The National Institute of Standards and Technology has removed the word “federal” from the title of its magisterial catalogue of cybersecurity and privacy controls — one of a series of proposed changes they rolled out this week after a long delay.
“The reality is, today we’re all of us — federal, state and local government and the private sector — using the same technologies … and facing the same [cyber] threats” as a result, said NIST Fellow Ron Ross.
As they were doing the re-write — a year-and-a-half long process — the authors realized that in addition to their traditional “customer base” in the federal agencies mandated by law to use the controls in the catalogue, there were many others who might find it useful.
So they changed the name of the catalogue, known as NIST SP-800-53, from Security and Privacy Controls for Federal Information Systems and Organizations, by cutting the word federal. SP 800-53 was last revised in 2015, although the last full rewrite was two years before that.
“There are whole other communities of interest out there that could benefit from using the controls in this catalogue on a voluntary basis,” Ross, one of the chief authors of the new draft, told CyberScoop. “We wanted [the new draft] to feel more welcoming for those new customers … including industry and academia” and even stretching beyond the borders of the U.S. “There is a global audience” for this kind of material, Ross said.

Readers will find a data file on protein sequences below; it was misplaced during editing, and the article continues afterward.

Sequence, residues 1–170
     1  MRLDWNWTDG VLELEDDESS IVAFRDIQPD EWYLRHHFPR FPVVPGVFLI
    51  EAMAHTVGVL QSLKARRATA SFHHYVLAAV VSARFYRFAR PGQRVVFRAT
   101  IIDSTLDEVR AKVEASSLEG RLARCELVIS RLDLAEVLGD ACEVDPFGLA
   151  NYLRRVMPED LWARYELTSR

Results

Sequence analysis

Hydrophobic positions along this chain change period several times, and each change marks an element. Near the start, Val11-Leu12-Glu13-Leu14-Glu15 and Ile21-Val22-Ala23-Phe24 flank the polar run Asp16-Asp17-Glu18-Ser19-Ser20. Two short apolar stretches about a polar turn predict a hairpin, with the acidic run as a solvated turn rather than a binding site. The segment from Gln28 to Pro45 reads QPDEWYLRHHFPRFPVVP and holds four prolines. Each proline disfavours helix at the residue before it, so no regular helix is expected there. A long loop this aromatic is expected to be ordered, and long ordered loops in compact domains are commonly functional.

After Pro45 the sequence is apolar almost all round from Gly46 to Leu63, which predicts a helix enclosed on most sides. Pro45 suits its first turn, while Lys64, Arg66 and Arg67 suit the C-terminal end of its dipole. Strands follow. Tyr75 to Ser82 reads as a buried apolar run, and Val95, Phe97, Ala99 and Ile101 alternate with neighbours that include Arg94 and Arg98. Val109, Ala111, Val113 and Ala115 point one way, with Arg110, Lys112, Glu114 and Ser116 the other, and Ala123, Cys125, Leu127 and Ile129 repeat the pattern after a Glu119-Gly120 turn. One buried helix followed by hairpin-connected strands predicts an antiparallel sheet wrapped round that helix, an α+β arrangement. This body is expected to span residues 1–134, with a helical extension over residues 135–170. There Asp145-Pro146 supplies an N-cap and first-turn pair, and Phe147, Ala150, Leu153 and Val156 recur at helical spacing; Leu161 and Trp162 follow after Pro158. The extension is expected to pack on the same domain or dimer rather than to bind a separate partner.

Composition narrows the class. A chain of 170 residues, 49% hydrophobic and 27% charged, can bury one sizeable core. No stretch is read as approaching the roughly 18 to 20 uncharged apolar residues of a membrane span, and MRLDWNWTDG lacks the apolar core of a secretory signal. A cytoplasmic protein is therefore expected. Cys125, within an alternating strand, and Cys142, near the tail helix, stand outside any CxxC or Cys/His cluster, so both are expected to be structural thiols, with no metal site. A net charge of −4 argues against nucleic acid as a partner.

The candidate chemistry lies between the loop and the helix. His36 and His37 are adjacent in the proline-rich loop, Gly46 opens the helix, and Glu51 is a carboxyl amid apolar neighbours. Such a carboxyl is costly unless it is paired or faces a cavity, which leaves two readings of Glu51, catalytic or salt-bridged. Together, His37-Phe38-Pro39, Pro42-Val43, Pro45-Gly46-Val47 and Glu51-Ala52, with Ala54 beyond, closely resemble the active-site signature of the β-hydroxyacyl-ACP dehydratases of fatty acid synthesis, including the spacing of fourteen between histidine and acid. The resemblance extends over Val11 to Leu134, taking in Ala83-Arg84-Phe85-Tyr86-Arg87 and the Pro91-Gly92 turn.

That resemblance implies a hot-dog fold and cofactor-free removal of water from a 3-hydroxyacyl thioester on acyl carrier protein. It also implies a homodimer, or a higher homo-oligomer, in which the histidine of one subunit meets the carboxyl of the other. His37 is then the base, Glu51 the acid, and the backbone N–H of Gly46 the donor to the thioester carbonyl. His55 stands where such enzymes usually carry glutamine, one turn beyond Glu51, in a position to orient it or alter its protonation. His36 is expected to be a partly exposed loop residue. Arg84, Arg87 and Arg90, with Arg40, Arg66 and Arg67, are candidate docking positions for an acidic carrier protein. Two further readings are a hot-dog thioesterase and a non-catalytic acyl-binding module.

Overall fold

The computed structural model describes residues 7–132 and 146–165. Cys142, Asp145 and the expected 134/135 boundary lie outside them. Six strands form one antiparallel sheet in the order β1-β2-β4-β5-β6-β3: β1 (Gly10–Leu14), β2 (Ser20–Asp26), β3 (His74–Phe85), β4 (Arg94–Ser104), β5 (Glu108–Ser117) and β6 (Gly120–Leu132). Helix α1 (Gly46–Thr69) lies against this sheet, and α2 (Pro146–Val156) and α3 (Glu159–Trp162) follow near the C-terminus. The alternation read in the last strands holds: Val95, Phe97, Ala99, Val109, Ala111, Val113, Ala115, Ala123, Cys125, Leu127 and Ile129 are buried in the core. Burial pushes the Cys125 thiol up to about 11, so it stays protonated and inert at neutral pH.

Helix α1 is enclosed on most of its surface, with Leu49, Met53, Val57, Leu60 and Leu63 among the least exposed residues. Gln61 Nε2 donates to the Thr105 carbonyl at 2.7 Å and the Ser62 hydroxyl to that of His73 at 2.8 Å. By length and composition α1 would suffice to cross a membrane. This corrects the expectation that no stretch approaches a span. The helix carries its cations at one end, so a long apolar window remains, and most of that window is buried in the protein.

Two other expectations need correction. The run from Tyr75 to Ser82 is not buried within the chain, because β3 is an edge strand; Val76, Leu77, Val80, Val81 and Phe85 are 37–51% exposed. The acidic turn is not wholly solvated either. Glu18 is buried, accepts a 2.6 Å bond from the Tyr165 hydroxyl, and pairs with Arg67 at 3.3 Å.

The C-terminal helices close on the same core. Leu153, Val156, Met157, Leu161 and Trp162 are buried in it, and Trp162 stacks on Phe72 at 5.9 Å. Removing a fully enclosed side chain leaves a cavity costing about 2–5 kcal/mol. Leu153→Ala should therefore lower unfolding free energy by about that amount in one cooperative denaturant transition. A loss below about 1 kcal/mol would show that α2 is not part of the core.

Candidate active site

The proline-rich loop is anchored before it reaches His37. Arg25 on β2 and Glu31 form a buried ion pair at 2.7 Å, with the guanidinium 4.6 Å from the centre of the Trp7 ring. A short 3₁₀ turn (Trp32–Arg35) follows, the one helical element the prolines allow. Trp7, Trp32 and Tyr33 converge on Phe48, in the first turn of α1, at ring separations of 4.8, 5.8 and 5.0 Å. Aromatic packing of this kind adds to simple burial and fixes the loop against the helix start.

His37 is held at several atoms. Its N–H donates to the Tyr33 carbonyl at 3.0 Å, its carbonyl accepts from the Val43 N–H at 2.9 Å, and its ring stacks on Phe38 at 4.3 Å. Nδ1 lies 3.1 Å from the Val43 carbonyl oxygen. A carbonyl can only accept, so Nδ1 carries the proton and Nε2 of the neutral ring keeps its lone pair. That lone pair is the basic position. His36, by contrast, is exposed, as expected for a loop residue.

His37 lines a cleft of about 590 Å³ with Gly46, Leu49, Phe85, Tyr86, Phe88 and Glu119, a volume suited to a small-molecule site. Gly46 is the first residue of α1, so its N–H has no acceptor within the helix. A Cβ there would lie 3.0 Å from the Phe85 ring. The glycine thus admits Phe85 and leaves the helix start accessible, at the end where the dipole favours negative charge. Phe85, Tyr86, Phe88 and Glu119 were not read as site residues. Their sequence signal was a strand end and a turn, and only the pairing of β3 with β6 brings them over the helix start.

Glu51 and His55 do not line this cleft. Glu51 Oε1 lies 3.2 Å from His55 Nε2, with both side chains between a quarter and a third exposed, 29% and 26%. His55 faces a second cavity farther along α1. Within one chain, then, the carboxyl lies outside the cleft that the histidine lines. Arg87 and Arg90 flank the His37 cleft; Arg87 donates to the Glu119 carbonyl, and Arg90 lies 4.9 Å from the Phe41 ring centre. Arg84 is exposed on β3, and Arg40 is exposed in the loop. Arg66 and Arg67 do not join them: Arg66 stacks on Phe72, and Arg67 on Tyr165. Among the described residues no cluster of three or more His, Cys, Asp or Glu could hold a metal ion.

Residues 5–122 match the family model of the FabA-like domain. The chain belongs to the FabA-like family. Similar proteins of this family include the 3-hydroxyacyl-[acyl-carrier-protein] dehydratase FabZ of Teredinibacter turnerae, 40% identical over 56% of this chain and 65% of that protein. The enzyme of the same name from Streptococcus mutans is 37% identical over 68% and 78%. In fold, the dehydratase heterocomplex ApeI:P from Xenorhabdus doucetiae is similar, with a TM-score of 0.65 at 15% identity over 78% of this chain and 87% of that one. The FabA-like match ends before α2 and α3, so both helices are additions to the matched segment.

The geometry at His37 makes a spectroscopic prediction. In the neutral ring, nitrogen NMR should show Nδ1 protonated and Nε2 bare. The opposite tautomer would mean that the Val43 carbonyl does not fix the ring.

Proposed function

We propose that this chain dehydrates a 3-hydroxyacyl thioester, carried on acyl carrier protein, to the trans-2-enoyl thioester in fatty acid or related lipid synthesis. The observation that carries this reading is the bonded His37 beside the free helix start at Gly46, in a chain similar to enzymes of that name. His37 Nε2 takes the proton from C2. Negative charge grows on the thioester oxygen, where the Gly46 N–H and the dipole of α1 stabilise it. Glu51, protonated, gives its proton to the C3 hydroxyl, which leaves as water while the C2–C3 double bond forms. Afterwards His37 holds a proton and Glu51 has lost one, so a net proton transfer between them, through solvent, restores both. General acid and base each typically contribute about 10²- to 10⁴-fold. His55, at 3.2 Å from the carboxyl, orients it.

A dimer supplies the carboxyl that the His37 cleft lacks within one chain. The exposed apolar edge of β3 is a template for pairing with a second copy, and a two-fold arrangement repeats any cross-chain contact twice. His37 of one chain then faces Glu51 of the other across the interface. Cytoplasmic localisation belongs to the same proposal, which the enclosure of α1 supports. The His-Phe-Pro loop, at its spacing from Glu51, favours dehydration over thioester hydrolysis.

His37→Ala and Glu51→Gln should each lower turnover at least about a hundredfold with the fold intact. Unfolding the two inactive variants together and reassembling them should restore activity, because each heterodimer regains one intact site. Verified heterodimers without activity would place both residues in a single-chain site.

Other changes, all of which have been long flagged, include the integration of privacy controls into the catalogue, which made it “unique,” said Ross. “There isn’t another document out there … so comprehensive … that integrates cybersecurity and privacy” into a single guide.
This is especially important, explained Ross, with the burgeoning growth of the Internet of Things. “If you’re designing and IoT device or a smart home appliance … pushing all that computing power to the edge [of the network] … traditionally, it’s been security — confidentiality, integrity, availability — that’s been the concern, but now [with IoT and smart home devices] there is personal data in there, and a need for privacy, too … they’re mutually reinforcing.”
Personal identifying information, or PII, like Social Security numbers or dates of birth, will be rendered more secure by cybersecurity controls. “But there are questions you have to ask about PII that you don’t [with other types of data], like: How information about users should I collect? How long should I keep it? What should I use it for?” There were even joint controls — that protect both privacy and security — in the new catalogue.
“The days are long gone when [privacy and security] can be considered separately,” Ross said, “we’re bring the two communities [— of cybersecurity and privacy engineers —] together.”
But he added that — in the federal government — privacy and cybersecurity had different legislative bases and “will always be different to some degree” as a result.